An SEC family: The story of MSU’s Julia Echols and UGA’s Taylor Echols

Saturday afternoon, a group from Mississippi State’s softball team went to a home men’s basketball game, dressed up, held signs and cheered for … a senior guard on the Georgia squad.

unnamedThey painted the signs in maroon to avoid controversy, says senior outfielder Julia Echols, but it was her brother Taylor they were there to see.

10 years ago at their home in Georgia, Julia and Taylor Echols were in middle school and played basketball before dinner every night when the weather allowed. A little under a year older than Taylor, Julia was able to win games for the majority of their childhood, but eventually little brother caught up.

“I was bigger than him until about fifth grade, so I would own him all the time,” Julia said. “But then he got taller than me. We’d always play right before dinner and my mom said I’d run inside and complain that he was cheating, when really I couldn’t get a shot over him because he grew like five inches in one year. After fifth grade it was over.”

The two kept playing basketball as they grew older, but it was a bit more serious for Taylor, while Julia was excelling in softball. That didn’t stop them from cheering each other on in high school basketball, of course, when their respective boys and girls teams would play back-to-back and each would watch the other play.

Julia, the first to graduate, initially enrolled at nearby Georgia, having earned her way onto the UGA softball team.

The next year, Taylor followed big sister to Athens, but when he tried to play basketball, he found out the roster was full. They didn’t have space for any more walk-ons.

CXXCGQCGQAPPHXI.20140224225639It was the following year when things changed for both. Julia transferred to Mississippi State, joining first-year head coach Vann Studeman’s softball team. Taylor got the call and found out the UGA basketball team had space for another walk-on. Seven tried out, and Taylor made the cut as a sophomore.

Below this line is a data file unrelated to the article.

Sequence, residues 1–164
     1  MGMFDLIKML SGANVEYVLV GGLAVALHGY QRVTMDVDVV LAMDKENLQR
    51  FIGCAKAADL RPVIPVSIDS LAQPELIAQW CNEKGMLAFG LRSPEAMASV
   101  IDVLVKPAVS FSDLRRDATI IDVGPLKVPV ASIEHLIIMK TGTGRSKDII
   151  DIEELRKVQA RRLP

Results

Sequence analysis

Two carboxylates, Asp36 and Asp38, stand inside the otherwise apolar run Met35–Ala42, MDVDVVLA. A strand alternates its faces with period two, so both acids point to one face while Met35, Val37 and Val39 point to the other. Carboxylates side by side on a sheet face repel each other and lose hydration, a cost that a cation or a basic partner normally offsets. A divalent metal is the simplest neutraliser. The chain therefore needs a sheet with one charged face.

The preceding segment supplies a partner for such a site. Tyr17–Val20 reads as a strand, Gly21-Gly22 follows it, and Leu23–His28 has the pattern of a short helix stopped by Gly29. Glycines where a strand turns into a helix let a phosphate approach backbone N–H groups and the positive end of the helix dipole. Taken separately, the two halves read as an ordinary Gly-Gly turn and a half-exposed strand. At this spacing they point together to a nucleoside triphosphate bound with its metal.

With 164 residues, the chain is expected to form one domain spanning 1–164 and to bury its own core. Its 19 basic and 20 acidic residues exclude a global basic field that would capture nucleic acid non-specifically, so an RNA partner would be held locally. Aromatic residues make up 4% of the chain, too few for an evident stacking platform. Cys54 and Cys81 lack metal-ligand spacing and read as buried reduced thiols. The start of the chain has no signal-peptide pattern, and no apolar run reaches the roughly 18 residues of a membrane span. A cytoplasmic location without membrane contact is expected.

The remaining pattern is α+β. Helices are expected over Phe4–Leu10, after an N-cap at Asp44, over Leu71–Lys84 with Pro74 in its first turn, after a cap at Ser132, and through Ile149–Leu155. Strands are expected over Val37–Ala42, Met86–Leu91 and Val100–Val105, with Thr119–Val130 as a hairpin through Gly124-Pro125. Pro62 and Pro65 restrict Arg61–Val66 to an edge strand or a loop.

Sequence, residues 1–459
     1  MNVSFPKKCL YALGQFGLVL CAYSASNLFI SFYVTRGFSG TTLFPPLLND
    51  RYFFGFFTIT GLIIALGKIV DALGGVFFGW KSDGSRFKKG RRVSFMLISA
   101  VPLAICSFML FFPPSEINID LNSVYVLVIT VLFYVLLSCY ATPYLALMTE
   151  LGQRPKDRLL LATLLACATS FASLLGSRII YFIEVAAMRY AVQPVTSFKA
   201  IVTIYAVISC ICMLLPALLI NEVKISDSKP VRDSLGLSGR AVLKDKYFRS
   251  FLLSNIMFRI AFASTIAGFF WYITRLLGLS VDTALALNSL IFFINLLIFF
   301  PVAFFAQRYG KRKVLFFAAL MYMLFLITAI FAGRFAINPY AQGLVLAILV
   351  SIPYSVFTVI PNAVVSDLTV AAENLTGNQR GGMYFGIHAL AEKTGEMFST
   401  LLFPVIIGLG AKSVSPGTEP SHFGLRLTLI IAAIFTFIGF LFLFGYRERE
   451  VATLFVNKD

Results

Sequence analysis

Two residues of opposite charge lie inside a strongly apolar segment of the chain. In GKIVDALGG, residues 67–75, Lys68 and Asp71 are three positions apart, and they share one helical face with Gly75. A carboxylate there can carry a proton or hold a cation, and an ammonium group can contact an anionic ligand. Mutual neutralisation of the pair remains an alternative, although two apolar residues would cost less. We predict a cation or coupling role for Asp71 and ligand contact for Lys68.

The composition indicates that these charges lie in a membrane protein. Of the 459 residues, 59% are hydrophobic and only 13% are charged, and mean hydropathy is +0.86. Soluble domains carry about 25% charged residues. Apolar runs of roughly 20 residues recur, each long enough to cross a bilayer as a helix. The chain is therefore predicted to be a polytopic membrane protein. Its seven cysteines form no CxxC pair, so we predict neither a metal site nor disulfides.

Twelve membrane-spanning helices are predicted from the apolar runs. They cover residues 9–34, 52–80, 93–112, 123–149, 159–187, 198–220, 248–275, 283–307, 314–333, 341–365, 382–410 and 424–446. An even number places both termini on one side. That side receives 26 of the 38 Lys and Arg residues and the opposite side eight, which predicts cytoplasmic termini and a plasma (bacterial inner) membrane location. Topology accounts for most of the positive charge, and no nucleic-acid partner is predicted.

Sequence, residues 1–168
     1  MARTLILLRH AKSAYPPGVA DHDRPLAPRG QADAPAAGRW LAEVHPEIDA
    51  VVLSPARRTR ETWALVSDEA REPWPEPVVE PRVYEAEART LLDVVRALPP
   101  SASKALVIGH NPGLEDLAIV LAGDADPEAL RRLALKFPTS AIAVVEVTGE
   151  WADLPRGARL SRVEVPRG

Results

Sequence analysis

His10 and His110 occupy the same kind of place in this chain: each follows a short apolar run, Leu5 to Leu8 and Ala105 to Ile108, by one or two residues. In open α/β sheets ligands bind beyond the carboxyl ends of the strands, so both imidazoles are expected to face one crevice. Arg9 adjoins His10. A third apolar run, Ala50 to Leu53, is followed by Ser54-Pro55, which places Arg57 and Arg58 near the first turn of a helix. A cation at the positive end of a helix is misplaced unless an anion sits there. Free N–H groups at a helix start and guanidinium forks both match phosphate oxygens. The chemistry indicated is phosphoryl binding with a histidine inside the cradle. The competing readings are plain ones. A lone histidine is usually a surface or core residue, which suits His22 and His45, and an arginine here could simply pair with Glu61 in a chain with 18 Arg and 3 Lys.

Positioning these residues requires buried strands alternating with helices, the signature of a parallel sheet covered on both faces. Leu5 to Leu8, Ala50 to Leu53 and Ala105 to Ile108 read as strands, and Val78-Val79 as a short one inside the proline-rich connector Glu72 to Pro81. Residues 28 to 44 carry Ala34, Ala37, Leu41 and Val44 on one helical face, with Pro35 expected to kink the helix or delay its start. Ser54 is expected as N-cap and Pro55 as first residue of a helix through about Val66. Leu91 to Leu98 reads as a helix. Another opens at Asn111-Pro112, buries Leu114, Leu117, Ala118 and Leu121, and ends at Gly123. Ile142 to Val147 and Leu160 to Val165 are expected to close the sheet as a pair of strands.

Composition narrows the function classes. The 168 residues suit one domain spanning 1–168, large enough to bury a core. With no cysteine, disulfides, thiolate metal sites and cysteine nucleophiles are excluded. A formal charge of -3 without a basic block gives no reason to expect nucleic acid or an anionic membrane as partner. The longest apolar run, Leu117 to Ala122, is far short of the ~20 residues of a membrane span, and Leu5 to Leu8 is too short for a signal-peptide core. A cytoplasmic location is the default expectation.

Now, they’re both seniors, both Bulldogs and both happy to be where they are, even if they don’t get to see each other as much.

“We text every other day,” Julia says. “We Snapchat a lot. I’ve been calling him a lot lately congratulating him because he’s gotten a lot more playing time recently. I’ll text him and joke with him about how he’s a big shot now because he walked on a few years ago and now he’s playing a lot.”

Said Taylor in the visiting locker room at Humphrey Coliseum, “I miss her a lot during the year when I can’t see her as much, but I know she loves it here. She loves the girls and the coaches and everything, so I’m happy for her.”

It’s worked out for Julia and Taylor, but what of their parents, Lee and Kim, who are trying to support two SEC kids and athletes at the same time? After all, it’s thanks to them that their children have such athleticism. Both were impressive athletes in their time, and dad even played a couple years of college ball.

“Everyone’s always joking with us about being the dream team family,” Julia admitted.

But it’s hard to keep track. Between basketball and softball, that’s close to 100 total games a year between their two kids, most of which are going on at the same time.

unnamed-1Sometimes, the schedules have come close to working out. In 2012, for instance, Taylor and UGA played a game in Oxford on Saturday, while Julia and MSU had a home series in Starkville, allowing the proud parents to go back and forth across Mississippi over the weekend.

They nearly had the perfect set up last year when UGA played MSU in basketball in Starkville. Unfortunately, Julia’s softball Bulldogs were on the road in Florida. As it turns out, an ice storm would have kept mom and dad at home anyway.

Finally, it was this week that it worked out perfectly. UGA played basketball in Starkville again, and this time it was a couple weeks earlier. Softball season had not yet begun and Julia got to go watch her brother play in her own place, and she got to sit with her parents while she did it.

“That’ll be the last game I ever get to see him play,” she said, “so that was pretty special.”

It was even their mom’s birthday on Sunday, so it really did work out perfectly.

unnamed-2Then, of course, there were Julia’s teammates at MSU. They’ve been hearing her talk and brag about her brother the basketball player for the last three years (“I always make them turn the TV on and watch when he has a game.”), so they were excited to be able to cheer for him in person, even if it did mean slight compromise from a fan perspective.

Taylor’s senior season will go on, and Julia’s last campaign begins in just over a week. She won’t get to see him play again, but if they’re lucky, Taylor will get to watch little sister in the postseason. Either way, they’ll represent both their school and their family as they go on, the name Echols stitched on the back of their uniforms.

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